Learning the hard way: Take away funding for conservation and see what happens

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By Julie Gardner, Dovetail Consulting, jgardner [at] exchange.ubc.ca

I was on a long-awaited hiking trip to the national parks in southern Utah last month – the exact week they were closed. Utah’s not traditionally a national park-loving state, but after a few days of furor resulting from the federal government shutdown, the governor anted up enough funds to pay for re-opening the parks. That was quite the unintentional experiment: it revealed the true economic value of protected areas, as income to businesses and communities in the vicinity of the parks had plummeted.

Here in Canada the Harper Government (thus branded by the Prime Minister) has been steadily axing the budget of Fisheries and Oceans Canada (DFO), as if to see how far he can go before impacts are so obvious that funding has to be restored. This follows on a history of diminishing federal support for delivering programs critical to marine resources.

I co-authored a study of DFO Pacific Region’s capacity to deliver on its conservation mandate eight years ago. Our report, commissioned by the David Suzuki Foundation, explained that the Region could not fulfil its mandate largely because the level of funding for conservation programs had been shrinking for at least a decade. Budget cuts had compromised basic conservation activities, even as backing continued for select priorities such as aquaculture.

Has anything improved since then? Quite the opposite. The federal budget in 2012 included major cuts and a reorganization that significantly reduced DFO’s capacity. There was a one-third drop in habitat management staff (cartoonists caught the irony of endangered biologists).

The initial quarter-billion cut – a big bite from a $2 billion purse – was followed with a plan for further reductions. The most recent federal budget calls for chopping roughly $100 million over three years starting in 2015-16. These cuts are deeper than for most other federal departments, while they continue to spare the still lucrative, if controversial, aquaculture sector.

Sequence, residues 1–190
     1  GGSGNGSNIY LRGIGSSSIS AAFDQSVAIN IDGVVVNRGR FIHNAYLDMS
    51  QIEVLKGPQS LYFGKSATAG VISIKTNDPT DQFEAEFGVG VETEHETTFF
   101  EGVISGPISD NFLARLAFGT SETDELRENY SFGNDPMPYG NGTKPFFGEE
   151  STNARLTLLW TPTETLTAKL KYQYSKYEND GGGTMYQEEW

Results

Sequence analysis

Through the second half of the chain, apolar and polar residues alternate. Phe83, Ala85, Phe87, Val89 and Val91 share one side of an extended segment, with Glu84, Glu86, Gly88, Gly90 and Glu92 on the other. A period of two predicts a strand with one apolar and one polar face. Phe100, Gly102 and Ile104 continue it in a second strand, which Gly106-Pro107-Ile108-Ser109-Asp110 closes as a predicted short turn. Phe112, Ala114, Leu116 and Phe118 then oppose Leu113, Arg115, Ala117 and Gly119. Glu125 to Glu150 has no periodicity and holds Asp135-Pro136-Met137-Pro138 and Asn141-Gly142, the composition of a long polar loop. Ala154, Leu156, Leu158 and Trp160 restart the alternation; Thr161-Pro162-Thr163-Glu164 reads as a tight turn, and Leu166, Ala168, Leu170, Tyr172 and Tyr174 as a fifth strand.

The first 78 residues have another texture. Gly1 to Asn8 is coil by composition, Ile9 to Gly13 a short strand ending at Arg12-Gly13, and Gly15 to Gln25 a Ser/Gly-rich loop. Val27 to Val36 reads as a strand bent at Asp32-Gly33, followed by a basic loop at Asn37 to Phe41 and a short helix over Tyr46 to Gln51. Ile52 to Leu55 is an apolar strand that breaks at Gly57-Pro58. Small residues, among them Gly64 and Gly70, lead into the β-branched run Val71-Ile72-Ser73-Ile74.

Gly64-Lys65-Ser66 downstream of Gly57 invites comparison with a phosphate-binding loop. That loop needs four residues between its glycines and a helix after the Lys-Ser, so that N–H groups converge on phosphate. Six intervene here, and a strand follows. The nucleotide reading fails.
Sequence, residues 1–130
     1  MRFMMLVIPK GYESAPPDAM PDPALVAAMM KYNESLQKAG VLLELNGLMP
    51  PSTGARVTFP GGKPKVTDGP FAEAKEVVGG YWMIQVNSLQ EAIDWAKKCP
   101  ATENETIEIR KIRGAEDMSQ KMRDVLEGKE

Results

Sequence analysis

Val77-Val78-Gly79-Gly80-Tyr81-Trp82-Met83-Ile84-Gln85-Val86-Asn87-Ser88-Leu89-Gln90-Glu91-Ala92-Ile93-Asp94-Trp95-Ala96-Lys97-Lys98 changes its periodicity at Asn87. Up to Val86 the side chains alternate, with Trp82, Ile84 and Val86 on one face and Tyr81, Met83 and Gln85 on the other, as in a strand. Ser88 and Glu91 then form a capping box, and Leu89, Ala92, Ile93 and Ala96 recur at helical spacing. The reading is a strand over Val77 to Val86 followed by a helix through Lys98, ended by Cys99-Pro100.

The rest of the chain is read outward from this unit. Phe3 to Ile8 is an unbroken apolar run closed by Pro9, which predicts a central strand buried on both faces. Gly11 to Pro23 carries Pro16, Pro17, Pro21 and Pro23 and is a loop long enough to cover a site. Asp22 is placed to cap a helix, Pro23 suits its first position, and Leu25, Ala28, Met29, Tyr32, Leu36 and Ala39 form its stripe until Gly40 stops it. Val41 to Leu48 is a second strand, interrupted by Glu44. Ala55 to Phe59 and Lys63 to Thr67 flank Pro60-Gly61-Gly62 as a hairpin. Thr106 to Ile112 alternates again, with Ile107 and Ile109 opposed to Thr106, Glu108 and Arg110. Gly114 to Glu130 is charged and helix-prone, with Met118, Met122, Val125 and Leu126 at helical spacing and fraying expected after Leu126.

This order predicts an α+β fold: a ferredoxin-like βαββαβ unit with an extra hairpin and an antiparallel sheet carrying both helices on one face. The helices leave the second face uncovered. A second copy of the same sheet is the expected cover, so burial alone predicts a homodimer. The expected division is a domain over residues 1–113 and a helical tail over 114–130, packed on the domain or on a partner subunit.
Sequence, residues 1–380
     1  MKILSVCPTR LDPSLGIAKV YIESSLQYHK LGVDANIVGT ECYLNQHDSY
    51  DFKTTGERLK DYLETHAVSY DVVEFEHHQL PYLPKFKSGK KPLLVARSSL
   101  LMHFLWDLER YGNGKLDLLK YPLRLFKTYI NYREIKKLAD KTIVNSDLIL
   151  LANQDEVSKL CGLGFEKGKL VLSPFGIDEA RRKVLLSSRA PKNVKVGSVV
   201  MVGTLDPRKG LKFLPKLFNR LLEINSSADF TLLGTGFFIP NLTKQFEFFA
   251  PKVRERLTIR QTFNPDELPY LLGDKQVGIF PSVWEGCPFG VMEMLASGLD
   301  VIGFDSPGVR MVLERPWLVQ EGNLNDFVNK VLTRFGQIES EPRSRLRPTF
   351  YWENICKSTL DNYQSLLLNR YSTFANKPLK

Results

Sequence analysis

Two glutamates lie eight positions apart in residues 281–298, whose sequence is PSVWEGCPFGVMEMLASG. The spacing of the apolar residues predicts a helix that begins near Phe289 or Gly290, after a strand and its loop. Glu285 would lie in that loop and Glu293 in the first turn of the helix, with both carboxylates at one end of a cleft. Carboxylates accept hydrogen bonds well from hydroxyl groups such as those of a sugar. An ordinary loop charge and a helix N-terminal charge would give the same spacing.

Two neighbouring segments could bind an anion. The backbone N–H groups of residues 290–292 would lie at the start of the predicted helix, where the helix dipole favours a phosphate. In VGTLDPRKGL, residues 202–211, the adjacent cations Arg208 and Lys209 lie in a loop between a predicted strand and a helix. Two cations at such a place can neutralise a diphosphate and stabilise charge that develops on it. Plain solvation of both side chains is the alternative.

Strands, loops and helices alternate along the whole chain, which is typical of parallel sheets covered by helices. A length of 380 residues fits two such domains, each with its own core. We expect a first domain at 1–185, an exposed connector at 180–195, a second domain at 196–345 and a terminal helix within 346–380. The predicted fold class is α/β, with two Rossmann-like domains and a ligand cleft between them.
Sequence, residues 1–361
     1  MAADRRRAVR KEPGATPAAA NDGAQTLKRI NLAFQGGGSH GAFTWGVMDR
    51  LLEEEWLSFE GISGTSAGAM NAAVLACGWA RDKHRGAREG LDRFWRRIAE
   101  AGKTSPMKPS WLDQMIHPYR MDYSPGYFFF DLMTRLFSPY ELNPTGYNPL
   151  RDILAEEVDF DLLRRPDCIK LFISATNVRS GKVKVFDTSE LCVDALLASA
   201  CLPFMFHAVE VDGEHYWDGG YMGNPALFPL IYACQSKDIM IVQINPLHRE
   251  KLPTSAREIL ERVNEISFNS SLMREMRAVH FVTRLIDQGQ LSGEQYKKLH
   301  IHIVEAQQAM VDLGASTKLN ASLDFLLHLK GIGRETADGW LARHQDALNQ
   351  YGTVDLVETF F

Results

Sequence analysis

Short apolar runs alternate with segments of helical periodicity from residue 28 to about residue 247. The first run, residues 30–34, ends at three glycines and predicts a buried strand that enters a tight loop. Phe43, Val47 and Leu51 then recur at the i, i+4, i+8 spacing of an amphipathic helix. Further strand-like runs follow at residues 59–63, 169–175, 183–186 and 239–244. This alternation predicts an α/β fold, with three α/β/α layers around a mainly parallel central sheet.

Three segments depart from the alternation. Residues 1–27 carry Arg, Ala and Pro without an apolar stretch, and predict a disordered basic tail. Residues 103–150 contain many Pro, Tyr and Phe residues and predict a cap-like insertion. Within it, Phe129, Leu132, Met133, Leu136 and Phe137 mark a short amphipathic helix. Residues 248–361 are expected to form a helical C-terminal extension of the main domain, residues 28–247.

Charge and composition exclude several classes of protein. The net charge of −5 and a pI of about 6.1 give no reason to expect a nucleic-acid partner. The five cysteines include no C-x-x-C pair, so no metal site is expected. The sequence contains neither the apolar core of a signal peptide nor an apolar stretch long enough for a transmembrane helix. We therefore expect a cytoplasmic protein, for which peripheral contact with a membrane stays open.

So what results might be in store from this risky experiment in “death by a thousand cuts”?

Our research in 2005 concluded that decreased budgets had forced operational staff to make conservation decisions that effectively left many stocks and habitats with no protection, no monitoring and a questionable future. The Department also lost capacity to address complex ecosystem, fisheries and habitat management issues.

Just last year the Cohen Commission of Inquiry into the Decline of Sockeye Salmon in the Fraser River called for renewed conservation efforts, such as “response teams” focused on salmon stocks in trouble. Instead, the Department is again being asked to do more with less – that’s got to be hard on morale, as well as salmon habitat.

Consequences of the continual belt-tightening also include less data (thus poorer forecasting and more cautious catch limits, leading to less fishing and even less data), less enforcement, more resentment among harvesting groups competing for limited catch, less collaboration and less opportunity for partnering in delivery of the government mandate (e.g. DFO’s withdrawal from the Marine Planning Partnership).

A Financial Report from DFO last summer reflected on the impacts of budget cuts as follows:  “The most significant cost to the Department is personnel expenditures for the delivery of knowledge-based scientific, conservation, and maritime programs and services across the country.” And the Department’s own performance review recently identified the risk that it “may not be able to adequately maintain public trust and confidence, and subsequently its reputation.” The action plan to address this risk has focused on improving communication to stakeholders (e.g. media training for staff and creation of a departmental Twitter strategy).

If keeping trust is important to the government, I’m not sure a “trust us” campaign is going to do the trick. Trust is earned by doing what you say you will do, and in this case that means delivering on a mandate. The many staff and managers whom I have worked with in DFO are thoroughly trustworthy, but they can’t deliver what’s needed to sustain the natural resources for which they are responsible without sufficient fiscal resources.

Let’s not see this unintentional experiment to its logical conclusion – a fate far worse than a federal department with a spoiled reputation. My fear is that by the time the results are clear enough for the Harper Government to grasp it will be too late for the fish and for the economy that depends on them.

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